As our loved ones’ age, it’s natural for some changes to occur. Regular forgetfulness is one thing, however; persistent cognitive or memory loss is another thing and potentially serious.

The same goes for extreme anxiety or long-term depression. Caregivers should keep an eye out for the following warning signs, which could indicate a mental health concern:

  1. Changes in appearance or dress, or problems maintaining the home or yard.
  2. Confusion, disorientation, problems with concentration or decision-making.
  3. Decrease or increase in appetite; changes in weight.
  4. Depressed mood lasting longer than two weeks.
  5. Feelings of worthlessness, inappropriate guilt, helplessness; thoughts of suicide.
  6. Memory loss, especially recent or short-term memory problems.
  7. Physical problems that can’t otherwise be explained: aches, constipation, etc.
  8. Social withdrawal; loss of interest in things that used to be enjoyable.
  9. Trouble handling finances or working with numbers.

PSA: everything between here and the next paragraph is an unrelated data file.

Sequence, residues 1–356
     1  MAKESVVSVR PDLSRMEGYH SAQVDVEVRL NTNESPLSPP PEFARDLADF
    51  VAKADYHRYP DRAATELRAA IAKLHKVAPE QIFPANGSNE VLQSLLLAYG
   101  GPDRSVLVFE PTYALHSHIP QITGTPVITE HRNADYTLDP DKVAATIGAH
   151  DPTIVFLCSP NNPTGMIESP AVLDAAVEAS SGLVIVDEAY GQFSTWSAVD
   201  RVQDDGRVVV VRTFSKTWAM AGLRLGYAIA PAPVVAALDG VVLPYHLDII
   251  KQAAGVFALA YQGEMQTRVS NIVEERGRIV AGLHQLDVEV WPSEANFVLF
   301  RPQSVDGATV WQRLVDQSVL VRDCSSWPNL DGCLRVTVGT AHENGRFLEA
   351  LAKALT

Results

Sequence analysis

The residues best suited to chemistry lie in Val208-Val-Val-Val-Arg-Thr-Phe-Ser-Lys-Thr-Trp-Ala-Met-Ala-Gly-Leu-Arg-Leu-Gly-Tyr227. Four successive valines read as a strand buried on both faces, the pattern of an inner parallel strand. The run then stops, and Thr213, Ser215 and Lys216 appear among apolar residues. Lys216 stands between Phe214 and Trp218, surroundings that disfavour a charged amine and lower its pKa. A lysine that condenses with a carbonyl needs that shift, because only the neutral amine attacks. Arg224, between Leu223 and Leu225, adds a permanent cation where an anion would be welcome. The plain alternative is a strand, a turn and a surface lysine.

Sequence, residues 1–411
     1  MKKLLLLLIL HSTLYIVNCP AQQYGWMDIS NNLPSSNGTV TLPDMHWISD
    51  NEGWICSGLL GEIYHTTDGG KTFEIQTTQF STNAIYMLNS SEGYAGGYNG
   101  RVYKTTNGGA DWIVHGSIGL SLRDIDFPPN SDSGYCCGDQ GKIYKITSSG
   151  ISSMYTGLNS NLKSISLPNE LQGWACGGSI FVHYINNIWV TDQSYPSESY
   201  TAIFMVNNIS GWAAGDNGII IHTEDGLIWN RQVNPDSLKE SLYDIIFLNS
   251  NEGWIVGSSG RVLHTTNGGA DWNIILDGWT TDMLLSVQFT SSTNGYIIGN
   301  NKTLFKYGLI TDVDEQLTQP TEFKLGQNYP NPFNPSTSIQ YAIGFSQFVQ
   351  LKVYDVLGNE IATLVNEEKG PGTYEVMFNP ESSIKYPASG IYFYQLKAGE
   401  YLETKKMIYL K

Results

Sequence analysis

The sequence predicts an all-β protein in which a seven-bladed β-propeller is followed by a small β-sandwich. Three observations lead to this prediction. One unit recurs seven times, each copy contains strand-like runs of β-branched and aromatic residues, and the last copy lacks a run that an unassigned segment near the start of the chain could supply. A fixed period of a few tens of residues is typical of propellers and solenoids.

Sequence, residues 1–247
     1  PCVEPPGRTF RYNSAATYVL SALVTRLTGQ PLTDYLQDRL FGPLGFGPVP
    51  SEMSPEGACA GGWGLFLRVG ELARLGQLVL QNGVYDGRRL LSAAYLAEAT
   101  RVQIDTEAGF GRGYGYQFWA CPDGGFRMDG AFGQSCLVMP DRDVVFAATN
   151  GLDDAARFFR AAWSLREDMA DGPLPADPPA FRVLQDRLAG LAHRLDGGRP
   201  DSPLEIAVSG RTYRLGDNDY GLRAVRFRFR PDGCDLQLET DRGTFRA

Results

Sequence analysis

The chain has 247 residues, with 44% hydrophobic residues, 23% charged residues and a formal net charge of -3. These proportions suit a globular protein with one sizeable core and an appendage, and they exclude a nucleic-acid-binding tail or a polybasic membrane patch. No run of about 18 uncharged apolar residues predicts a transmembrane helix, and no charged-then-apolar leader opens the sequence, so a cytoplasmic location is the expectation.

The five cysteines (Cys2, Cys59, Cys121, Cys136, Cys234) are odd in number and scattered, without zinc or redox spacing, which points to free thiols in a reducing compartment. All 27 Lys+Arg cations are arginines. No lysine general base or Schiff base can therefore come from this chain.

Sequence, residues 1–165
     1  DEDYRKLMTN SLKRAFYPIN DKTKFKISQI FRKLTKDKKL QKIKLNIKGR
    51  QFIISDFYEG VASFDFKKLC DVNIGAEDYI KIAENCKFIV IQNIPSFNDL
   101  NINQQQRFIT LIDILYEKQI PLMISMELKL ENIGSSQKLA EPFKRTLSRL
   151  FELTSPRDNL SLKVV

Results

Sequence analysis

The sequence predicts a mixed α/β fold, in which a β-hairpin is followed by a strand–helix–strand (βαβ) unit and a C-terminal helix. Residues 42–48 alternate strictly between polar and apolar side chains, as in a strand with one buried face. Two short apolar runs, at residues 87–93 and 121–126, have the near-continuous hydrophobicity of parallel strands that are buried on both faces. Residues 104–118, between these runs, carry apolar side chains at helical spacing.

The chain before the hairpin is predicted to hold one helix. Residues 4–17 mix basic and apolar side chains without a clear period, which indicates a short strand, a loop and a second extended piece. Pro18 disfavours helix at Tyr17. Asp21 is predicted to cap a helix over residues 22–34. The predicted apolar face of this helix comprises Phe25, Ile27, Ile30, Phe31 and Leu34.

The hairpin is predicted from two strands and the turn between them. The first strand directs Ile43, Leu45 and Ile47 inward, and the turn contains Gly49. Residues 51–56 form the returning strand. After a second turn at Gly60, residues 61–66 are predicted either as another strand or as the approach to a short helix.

10. Unexplained fatigue, energy loss or sleep changes.

Don’t hesitate to seek help if your loved one is experiencing any of the symptoms above, urges the Geriatric Mental Health Foundation.

There are professionals out there willing to help, including your family doctor, who is always a good place to start. You could also consult a counselor, geriatric psychiatrist or psychologist. The important part is not to stand by and suffer alone.

With the combined efforts of caregivers, family, friends and mental health professionals, we can help ward off mental illness in our older loved ones and make sure they are on the right track to healthy aging.

Written by: A Place for Mom

https://www.aplaceformom.com/blog/2013-10-7-mental-illness-in-the-elderly/

Mental Illness Awareness Month #7

Social Anxiety Disorder (SAD)(also known as Social Phobia) is an Anxiety Disorder described as an overwhelming anxiety and excessive self-consciousness in normal social situations. People with SAD have an intense and chronic fear of being judged by others and of being humiliated by their own actions.

Can SAD be dangerous?

To a certain degree, yes. People with SAD suffer from distorted thinking, including false beliefs about the negative opinions of others.  In addition, it has been found that these individuals often suffer from consequences of social withdrawal and also are prone to depression.

Post Traumatic Stress Disorder (PTSD) is an Anxiety Disorder that usually develops after an individual has been involved in one or more terrifying events in which grave physical harm occurred or was threatened. It is a severe and ongoing emotional reaction to an extreme psychological trauma.

What can cause this?